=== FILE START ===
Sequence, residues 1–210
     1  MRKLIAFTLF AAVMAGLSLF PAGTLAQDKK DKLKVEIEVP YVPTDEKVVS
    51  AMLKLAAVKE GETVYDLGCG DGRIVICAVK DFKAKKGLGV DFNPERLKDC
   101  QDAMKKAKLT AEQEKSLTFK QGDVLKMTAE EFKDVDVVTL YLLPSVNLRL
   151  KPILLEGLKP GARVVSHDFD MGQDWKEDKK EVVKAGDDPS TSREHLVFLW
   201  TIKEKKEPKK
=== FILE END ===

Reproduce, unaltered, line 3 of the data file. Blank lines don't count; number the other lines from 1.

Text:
    51  AMLKLAAVKE GETVYDLGCG DGRIVICAVK DFKAKKGLGV DFNPERLKDC